Steele noted that many minorities, including himself and other Republicans, have benefited from affirmative action. Therefore, when black Republicans oppose such measures, it often infuriates other black Americans. “People resent you denying that aspect of your success. You can’t deny that reality.”
To Steele’s point, Justice Thomas, who was appointed during a Republican administration, has been a particularly attractive target of unrelenting criticism from black Americans. Thomas opposes affirmative action, yet many speculate that his race could have been a consideration in his own career advancement, including his appointment to the Supreme Court. (He has acknowledged mentioning his race on his application to Yale Law School, to which he was admitted.)
Steele said that with affirmative action back before the Supreme Court, particularly in a presidential election year, it is likely to re-emerge as a defining sociopolitical issue, especially for communities of color. As such, its status as a sort of political litmus test or “identifier,” as Steele calls it, is likely to grow.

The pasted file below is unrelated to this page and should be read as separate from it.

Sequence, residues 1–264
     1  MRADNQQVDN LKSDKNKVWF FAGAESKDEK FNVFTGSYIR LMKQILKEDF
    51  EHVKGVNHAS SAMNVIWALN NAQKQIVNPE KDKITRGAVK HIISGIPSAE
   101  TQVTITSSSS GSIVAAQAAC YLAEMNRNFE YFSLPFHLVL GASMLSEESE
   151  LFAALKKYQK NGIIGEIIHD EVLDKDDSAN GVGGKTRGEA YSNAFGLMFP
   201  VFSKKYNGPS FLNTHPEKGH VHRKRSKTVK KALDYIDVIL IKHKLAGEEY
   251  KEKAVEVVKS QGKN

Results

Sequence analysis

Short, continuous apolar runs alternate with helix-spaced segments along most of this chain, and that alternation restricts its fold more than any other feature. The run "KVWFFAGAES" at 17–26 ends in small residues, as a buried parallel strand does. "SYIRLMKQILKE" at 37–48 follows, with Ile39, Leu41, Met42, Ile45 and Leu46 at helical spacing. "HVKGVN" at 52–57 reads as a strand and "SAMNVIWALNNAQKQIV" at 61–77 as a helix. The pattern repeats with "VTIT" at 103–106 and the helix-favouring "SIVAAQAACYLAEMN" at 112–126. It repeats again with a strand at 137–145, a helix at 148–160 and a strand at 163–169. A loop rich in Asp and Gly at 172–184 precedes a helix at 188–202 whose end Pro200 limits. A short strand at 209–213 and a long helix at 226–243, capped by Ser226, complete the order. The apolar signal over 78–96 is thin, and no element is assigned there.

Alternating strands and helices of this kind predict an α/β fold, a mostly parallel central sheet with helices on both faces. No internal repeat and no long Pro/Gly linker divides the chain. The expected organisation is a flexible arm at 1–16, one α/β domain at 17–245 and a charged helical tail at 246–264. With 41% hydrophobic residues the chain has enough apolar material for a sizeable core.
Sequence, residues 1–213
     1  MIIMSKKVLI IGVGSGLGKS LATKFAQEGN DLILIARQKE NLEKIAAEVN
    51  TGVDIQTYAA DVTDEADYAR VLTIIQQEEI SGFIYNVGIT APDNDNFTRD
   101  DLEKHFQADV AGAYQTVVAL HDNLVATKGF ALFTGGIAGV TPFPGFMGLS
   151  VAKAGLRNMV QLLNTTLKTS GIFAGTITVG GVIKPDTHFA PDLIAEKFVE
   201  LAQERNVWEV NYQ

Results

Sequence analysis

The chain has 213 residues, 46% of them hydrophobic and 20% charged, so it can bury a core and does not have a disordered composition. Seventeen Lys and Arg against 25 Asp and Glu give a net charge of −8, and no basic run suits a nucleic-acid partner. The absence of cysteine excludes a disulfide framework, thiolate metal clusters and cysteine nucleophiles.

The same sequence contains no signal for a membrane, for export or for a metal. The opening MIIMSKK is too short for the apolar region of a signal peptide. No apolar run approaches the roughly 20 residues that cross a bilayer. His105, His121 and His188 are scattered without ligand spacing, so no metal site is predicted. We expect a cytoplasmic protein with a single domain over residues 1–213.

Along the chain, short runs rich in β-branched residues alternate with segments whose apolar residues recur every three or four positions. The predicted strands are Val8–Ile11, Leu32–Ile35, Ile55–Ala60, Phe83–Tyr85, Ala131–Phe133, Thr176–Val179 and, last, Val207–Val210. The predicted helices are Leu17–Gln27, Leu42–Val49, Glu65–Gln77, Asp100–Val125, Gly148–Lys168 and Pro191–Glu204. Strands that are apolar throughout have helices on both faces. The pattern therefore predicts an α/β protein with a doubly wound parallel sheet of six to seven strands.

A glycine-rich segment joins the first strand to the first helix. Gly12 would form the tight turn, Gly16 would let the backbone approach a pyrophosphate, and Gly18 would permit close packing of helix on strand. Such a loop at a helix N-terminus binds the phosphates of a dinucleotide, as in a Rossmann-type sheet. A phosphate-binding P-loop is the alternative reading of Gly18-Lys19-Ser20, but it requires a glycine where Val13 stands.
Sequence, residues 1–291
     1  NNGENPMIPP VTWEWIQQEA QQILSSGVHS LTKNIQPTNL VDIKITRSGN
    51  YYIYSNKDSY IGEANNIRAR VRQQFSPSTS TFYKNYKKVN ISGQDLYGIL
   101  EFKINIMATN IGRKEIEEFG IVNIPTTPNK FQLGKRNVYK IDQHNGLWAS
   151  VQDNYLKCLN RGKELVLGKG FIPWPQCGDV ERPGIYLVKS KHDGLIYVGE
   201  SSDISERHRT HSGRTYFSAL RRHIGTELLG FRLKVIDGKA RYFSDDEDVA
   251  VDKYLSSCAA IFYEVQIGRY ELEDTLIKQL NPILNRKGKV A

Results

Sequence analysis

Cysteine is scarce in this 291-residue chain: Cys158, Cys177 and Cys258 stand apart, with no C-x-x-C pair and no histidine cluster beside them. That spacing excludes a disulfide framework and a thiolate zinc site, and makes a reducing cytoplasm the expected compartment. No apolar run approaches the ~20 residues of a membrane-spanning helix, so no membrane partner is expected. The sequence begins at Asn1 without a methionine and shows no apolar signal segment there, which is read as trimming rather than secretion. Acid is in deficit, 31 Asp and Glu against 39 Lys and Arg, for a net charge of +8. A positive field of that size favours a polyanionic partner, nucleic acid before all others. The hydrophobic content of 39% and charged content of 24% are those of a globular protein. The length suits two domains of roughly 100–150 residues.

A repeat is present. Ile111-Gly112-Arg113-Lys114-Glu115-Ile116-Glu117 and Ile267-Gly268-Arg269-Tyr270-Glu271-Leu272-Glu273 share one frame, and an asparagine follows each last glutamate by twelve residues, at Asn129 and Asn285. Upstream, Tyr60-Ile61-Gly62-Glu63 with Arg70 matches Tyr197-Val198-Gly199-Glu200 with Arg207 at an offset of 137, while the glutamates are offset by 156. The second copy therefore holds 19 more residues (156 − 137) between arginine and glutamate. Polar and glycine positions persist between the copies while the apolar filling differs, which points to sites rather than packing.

“We are a community that looks at how you argue for us or against us,” Steele said. “It’s largely how you connect with the community and how you articulate what is happening to the community in the context of your conservatism.”
Brandon Andrews, a 26-year-old black conservative, echoed this sentiment. Andrews is somewhat of an anomaly: a Republican aide on Capitol Hill who is also a political-action chair for the NAACP. He is helping to lead the civil rights organization’s voter-registration efforts in Washington, D.C.
Andrews explained that he has been warmly embraced by African Americans in the D.C. area, many of whom may not share his party affiliation but do share his commitment to community activism. Ultimately, “People know me as a community volunteer first, not a Republican,” he said. “As a young politico, it is easy to get caught up in doing something for one party or the other, but I think I’d be doing an injustice to the community if I spent more time phone-banking for a candidate than registering voters in the community that candidate is running in.”
Andrews cares about issues like having a strong military and more efficient government, but because people know he cares about social justice, too, and has consistently demonstrated that fact, it doesn’t seem to faze them that he may not share their views on other issues or their party label.
Stephen Lackey, a 32-year-old Republican fundraiser who is black, shared similar experiences. “For me, I’ve been embraced by the community, and it’s because I’m seen in the community as someone who cares about the black community, period. My ideals and the way I do my work [come] from the conservative agenda, but the work remains the same.”